Know the ABCs of Pool Safety in San Diego

Paul Pogue
Written by Paul Pogue
Updated June 15, 2021
three children in a swimming pool
Child and baby proofing a pool should be top of mind for all swimming pool owners - Photo Courtesy of Thinkstock

Pool safety experts recommend using multiple protective options and remaining vigilant.

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Heather Clark planned to build a pool for her home in the Carmel Valley area of San Diego, but she gave the project second thoughts when it came to baby proofing the pool for her two young children. “Several public safety announcements were stark reminders of how serious pool safety is with young children,” she says. She eventually hired Poolsafe of Escondido to add an automatic cover and a fence to her new pool for $7,000. “I felt much safer after Poolsafe recommended using two forms of safety in conjunction with each other,” she says. “That was the only reason I moved forward with the pool build.”

Pools present crucial safety concerns for families. According to the California Department of Public Health, drowning kills more children under the age of 5 each year than any other type of accident, with 50 California deaths in 2010, the most recent year numbers were available. From 2005 to 2009, 22 children under the age of 5 died in San Diego County. The Centers for Disease Control and Prevention reports that a fence separating the pool from the yard reduces the drowning risk by 83 percent.

The California Swimming Pool Safety Act requires all pools and spas built or remodeled after 1998 to have at least one approved safety device, such as a fence that completely surrounds the pool. However, California officials strongly encourage homeowners, especially families with children, to use multiple protective methods, such as safety alarms and pool covers.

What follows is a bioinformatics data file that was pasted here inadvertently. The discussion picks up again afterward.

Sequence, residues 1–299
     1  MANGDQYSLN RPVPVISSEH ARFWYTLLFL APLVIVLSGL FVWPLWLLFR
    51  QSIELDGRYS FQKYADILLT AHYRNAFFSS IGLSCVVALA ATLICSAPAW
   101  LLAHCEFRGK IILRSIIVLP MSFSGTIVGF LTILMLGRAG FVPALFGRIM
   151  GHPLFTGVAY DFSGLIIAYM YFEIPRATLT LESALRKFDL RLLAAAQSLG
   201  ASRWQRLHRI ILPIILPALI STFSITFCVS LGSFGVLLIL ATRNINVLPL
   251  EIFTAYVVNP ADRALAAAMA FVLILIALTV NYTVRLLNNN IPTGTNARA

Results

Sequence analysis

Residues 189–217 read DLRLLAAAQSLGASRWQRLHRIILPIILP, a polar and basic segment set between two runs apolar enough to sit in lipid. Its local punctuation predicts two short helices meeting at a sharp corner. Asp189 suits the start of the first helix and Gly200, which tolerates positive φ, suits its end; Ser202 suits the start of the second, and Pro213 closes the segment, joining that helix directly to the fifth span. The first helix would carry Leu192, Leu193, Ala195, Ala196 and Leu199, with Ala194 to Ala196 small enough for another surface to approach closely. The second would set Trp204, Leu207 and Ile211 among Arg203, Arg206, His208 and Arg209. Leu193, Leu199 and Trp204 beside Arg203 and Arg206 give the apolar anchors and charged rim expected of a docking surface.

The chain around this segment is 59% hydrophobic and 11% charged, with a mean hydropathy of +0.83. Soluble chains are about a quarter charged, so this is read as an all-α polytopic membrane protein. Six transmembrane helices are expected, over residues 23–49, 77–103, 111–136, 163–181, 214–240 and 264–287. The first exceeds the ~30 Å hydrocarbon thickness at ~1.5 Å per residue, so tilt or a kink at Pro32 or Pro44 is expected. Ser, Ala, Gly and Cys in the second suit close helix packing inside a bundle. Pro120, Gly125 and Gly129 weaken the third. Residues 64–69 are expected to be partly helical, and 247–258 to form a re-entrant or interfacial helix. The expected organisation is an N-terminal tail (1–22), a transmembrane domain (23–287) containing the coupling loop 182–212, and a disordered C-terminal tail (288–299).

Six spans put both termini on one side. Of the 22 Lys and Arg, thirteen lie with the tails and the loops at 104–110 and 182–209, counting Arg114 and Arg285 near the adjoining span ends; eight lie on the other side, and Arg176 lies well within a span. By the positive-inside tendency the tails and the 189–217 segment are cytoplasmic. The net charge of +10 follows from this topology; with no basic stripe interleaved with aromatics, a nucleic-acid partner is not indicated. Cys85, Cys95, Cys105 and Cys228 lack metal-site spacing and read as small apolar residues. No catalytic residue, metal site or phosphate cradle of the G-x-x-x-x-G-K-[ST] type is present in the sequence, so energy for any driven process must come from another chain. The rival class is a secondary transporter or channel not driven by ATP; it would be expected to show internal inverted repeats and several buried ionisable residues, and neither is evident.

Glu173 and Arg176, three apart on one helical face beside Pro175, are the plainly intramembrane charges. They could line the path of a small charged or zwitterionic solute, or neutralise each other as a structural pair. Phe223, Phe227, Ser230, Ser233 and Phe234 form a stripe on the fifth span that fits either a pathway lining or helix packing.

John Moss, safety consultant for Poolsafe, says his field is particularly important in Southern California, with its high number of residential pools. Features such as unusual shapes, rocks or waterfalls present unique challenges. “Every pool and every family will have different needs,” he says. “You want a consultant to think of all the things that might not occur to you.” Moss says. The price tags for pool covers vary widely, but a cover for an average-sized pool costs about $3,500 for a manual unit and between $7,000 and $8,000 for an automatic model, he says.

He also recommends augmenting water safety equipment with education. “We emphasize the ABCs of pool safety: Adult supervision, barriers and swimming classes,” he says. “All these things come together to improve safety.”

Rick English, a veteran pool builder and frequent expert witness in pool drowning-related court cases, now inspects pools as English Pool Consulting in San Diego. He says he often encounters dangerous pools, sometimes due to negligence. “A lot of people disable the fences or barriers after they pass inspection because they consider it a nuisance,” he says. “But the fence is the best protection because it’s passive. You don’t have to do anything to make it work.”

English adds that most homeowners hire a company besides the pool builder to install the covers and fences, and all pool cover and fence contractors must hold a state license. “I would recommend everyone have at least a pool fence, alarms on the doors and a sonar alarm system,” he says, adding that the alarm systems monitor unattended pools. He says homeowners can purchase and install basic door alarms relatively inexpensively themselves, and sonar systems tend to start at around $1,500 installed.

However, he advises that vigilance should go hand-in-hand with pool safety features. “It just takes a few minutes of the parents not watching for a child to end up face down in the water,” he says. “Even with a barrier between house and pool, nothing beats adult supervision.”

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